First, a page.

Oil workers’ strike won’t disrupt supply, says NNPC

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The Management of the Nigerian National Petroleum Corporation (NNPC) has assured that the three-day strike embarked upon by the Petroleum and Natural Gas Senior Staff Association of Nigeria (PENGASSAN) and the Nigerian Union of Petroleum and Natural Gas Workers (NUPENG) will not disrupt fuel supply nationwide.

But, the South-West Chapter Chairman of NUPENG, Mr. Tokunbo Korodo, told The Guardian yesterday that the strike would definitely affect distribution of fuel in the country.

The corporation, in a statement signed by its Group General Manager, Group Public Affairs Division (GPAD), Ohi Alegbe, in Abuja yesterday, said it was in discussion with the leadership of the unions who gave the assurance that they would not disrupt the fuel supply and distribution system as the strike was basically aimed at addressing the alleged anti-labour issues by some of the International Oil Companies (IOCs).

But, Korodo denied the claims by the NNPC, saying, “this is a lie, all our members are supposed to be on strike. We have told our members to stay off work.  We are not allowing any truck to load from the depots and we have our members at the filling stations”. He said that the unions were in talk with the government concerning the strike and the result of the meeting will determine if the association will be embarking on strike or not”.

The Guardian discovered that while some filling stations in Lagos were selling fuel without hitches, others already have a build up of motorists scrambling to purchase fuel. Black marketers are also taking advantage of the warning strike to make quick cash. As at yesterday, a litre of fuel was already selling for over N100 in the black market.

NNPC and its downstream subsidiary, the Pipelines and Products Marketing Company (PPMC), also revealed that they have over 32 days stock of petroleum products available for supply across the nation during the yuletide season and beyond. The corporation also disclosed 17 additional petroleum laden vessels are at the Lagos port waiting to discharge to the various depots for onward distribution to members of the public.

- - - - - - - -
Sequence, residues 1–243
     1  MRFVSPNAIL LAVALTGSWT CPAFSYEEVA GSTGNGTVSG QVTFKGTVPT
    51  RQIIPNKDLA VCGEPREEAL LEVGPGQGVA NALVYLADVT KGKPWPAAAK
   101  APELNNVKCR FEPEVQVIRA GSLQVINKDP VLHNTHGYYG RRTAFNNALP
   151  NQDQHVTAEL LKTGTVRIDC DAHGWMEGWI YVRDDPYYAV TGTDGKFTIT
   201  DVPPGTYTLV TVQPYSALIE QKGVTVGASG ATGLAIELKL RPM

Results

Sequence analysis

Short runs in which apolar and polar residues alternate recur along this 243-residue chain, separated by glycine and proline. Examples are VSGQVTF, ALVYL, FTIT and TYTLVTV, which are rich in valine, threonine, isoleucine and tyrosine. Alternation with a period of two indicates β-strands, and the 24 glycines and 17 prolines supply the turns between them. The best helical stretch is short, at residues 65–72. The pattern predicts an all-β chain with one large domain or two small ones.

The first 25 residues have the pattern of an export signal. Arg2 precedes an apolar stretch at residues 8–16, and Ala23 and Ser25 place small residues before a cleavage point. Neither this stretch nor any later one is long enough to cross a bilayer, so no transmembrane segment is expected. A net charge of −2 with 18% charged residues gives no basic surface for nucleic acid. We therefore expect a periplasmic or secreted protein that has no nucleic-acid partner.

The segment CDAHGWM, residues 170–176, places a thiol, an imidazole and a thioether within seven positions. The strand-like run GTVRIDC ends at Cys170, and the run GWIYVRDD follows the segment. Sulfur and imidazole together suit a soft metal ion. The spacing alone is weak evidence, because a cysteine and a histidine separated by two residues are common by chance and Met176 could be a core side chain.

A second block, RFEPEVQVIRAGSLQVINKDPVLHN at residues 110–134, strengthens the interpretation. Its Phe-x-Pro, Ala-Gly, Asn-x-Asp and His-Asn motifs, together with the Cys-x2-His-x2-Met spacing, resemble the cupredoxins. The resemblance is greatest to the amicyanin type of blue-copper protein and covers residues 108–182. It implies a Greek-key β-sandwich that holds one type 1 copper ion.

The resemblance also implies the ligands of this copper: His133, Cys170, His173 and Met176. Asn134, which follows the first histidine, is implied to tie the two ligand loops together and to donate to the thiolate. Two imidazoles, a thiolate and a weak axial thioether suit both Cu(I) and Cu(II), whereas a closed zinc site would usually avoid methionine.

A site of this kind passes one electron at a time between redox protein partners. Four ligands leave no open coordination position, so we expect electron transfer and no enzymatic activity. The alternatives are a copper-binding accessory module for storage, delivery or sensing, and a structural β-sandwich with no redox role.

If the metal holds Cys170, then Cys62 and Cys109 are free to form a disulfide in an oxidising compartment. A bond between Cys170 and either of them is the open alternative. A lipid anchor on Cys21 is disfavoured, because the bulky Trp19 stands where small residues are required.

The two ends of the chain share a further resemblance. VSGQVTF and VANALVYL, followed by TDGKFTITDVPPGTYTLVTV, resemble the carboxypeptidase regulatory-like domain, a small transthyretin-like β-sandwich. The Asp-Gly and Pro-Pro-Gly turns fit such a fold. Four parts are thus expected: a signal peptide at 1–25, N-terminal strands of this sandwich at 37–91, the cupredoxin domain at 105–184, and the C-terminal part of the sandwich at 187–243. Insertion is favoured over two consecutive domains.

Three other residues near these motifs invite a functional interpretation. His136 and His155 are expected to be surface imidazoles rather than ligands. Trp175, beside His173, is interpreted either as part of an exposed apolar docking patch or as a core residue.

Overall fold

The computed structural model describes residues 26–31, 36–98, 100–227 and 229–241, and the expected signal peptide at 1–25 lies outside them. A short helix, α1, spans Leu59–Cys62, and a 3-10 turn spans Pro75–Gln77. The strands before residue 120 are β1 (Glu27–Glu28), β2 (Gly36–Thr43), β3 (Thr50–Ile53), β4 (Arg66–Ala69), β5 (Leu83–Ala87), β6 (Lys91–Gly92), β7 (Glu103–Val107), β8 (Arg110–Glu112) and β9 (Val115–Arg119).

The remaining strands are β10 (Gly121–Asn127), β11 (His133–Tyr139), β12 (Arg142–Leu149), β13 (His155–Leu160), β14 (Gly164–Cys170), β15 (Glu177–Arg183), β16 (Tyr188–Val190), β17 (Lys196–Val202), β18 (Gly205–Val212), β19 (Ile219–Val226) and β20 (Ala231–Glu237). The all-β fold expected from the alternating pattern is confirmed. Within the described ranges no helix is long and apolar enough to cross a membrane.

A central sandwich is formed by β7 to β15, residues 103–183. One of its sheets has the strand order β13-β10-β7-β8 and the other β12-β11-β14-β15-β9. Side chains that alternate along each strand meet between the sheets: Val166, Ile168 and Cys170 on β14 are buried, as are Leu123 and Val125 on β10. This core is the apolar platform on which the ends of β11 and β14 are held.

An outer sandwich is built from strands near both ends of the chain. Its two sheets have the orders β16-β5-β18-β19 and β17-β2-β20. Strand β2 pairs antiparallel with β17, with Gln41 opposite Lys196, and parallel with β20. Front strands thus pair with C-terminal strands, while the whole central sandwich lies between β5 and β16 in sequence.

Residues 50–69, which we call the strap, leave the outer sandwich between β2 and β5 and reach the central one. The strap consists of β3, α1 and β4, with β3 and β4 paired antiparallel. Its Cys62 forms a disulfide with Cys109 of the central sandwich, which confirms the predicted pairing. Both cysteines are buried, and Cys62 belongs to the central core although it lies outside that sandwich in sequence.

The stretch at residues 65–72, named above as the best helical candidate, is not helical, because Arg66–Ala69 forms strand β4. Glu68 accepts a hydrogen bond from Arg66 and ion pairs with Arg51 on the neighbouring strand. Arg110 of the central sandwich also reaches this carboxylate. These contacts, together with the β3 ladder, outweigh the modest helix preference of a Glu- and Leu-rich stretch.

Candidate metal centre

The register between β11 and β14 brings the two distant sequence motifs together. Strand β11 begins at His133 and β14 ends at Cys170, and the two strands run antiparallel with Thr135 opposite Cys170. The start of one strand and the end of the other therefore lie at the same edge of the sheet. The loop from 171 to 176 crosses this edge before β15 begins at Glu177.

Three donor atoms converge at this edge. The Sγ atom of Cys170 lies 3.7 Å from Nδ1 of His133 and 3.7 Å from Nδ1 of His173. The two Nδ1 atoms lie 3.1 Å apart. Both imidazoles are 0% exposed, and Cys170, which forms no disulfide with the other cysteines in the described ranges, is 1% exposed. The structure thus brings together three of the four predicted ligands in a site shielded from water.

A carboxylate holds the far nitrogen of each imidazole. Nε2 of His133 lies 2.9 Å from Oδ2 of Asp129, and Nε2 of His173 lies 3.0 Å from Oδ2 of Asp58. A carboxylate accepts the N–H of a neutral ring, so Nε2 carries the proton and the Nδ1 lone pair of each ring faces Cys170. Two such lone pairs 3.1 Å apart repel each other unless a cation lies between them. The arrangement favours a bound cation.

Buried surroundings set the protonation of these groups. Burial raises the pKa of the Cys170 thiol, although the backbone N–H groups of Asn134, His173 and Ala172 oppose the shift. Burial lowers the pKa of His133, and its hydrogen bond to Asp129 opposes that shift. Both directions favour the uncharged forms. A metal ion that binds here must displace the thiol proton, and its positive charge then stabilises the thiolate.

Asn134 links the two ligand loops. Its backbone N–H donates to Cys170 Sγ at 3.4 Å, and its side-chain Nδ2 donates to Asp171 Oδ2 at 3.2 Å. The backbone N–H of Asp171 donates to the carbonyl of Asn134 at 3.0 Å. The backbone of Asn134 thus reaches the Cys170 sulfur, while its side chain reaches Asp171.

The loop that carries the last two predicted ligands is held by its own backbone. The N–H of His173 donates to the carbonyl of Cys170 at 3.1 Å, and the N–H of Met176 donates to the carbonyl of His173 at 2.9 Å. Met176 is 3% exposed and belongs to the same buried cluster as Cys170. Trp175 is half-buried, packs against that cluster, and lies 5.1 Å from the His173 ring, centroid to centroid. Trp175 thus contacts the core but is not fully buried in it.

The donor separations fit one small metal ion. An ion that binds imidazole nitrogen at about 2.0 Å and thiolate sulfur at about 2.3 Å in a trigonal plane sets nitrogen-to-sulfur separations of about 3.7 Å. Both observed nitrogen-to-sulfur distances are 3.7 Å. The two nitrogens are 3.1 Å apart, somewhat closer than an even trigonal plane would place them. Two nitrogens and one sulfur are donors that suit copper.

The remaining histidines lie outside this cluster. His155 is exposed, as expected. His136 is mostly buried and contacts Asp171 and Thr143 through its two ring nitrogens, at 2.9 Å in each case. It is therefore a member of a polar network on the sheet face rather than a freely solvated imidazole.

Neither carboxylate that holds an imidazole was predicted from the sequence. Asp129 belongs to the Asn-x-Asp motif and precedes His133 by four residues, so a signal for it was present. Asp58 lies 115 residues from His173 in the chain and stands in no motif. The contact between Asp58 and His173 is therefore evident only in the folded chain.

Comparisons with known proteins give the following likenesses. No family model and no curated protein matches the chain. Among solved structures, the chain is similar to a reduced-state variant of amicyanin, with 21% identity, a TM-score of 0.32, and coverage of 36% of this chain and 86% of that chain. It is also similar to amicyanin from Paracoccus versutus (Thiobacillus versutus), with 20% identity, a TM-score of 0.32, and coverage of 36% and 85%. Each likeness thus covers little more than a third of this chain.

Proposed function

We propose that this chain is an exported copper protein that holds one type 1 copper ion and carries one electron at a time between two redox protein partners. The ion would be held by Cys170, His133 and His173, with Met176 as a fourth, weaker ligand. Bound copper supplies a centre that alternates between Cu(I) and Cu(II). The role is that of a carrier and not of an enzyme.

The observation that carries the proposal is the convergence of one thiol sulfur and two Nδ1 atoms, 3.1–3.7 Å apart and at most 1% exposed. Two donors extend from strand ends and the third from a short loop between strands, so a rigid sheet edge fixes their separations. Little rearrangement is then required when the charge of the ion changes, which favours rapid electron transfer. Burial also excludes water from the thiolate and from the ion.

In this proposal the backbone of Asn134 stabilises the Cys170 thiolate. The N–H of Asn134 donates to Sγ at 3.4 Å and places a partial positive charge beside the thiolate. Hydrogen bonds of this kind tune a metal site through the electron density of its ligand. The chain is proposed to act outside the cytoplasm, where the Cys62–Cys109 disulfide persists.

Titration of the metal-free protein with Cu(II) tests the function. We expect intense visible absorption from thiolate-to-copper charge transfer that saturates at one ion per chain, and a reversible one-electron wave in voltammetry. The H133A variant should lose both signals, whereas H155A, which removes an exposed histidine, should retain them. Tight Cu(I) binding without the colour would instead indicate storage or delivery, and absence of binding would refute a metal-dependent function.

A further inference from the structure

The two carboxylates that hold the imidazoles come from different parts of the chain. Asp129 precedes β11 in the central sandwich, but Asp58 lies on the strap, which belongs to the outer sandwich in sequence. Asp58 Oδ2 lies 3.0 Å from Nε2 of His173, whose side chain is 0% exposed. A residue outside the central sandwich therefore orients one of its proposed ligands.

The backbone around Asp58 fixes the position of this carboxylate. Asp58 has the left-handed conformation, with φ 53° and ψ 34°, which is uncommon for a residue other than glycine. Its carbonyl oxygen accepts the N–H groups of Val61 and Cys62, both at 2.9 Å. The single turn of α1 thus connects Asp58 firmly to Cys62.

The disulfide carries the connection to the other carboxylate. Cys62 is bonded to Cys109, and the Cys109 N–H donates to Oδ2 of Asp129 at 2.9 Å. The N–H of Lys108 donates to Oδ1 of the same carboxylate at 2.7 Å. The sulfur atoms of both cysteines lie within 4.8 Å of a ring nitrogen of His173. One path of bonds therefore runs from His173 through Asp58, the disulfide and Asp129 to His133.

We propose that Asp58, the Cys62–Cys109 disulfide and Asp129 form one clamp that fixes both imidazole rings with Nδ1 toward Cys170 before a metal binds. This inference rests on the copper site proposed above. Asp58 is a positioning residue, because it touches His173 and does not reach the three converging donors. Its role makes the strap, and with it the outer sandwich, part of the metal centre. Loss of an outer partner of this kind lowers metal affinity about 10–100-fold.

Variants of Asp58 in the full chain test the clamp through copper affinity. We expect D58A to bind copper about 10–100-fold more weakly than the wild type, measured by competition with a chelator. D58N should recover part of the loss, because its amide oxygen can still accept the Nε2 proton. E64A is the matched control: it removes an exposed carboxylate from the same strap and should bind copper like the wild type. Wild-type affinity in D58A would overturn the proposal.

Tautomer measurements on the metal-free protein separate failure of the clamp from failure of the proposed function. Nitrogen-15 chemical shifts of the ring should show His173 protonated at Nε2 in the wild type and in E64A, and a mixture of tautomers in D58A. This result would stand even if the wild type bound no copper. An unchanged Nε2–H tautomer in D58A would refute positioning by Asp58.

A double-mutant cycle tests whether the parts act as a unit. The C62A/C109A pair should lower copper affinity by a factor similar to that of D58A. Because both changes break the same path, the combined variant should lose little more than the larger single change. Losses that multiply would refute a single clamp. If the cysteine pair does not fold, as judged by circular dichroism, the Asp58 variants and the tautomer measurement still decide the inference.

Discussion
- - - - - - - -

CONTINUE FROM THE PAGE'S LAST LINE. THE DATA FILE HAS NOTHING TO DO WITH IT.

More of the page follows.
It further assured that everything would be done to ensure there is no hitch whatsoever in the supply system that could bring any form of hardship to motorists and those who intend to travel during the period.

The NNPC called on members of the public to avoid panic buying or stock piling of petroleum products as that could lead to needless queues or cause fire accidents that could lead to loss of lives and property. It also advised marketers to desist from hoarding or diversion of petroleum products as any marketer caught in the act would be sanctioned.

Meanwhile, Long queues have returned in filling stations in Port Harcourt, Rivers State and its environs following the commencement of a three-day warning strike by the NUPENG.

The warning strike has been hinged on the purported sack of Petroleum and Natural Gas Senior Staff Association of Nigeria (PENGASSAN) national officer, Mrs. Elo Victor Ogbonda, by Total Exploration and Production Nigeria (TEPNG) Limited.

Though long queues have again resurfaced at petrol filling stations in Port Harcourt and other towns in Rivers State, there has not been any hike in the prices of petroleum products.

The Guardian gathered from sources in the Department of Petroleum Resources that most of the filling stations  have fuel but might have refused to sell based on fears that the warning strike might lead to indefinite strike if the demands of the oil workers are not met by Thursday.

There were chaotic scenes at various petrol fillings stations in Port Harcourt and its environs  as motorists scrambled to fill their vehicle tanks.

NUPENG in Rivers State began the strike yesterday and it has stifled supply of petroleum products to fillings stations in the state.  There are concerns that as scarcity of petroleum products worsen, a litre of primer motor spirit might skyrocket before the end of the warning strike.

Some motorists who spoke to The Guardian, including Mr. Tammy George, expressed dismay that the government, the concerned oil firm and the workers could not resolve the issue. They lamented that with barely a few days to Christmas, the timing of the strike was wrong and bemoaned NUPENG’s insensitivity to the plight of ordinary Nigerians who might be subjected to paying higher transportation fare to their towns and villages during Christmas.

NUPENG national president,  Achese Igwe, has warned that the country risks a nationwide industrial action if the demands of the union are not met. According to him, oil workers in Nigeria are demanding the reinstatement of Mrs. Ogbonda. —The Guardian

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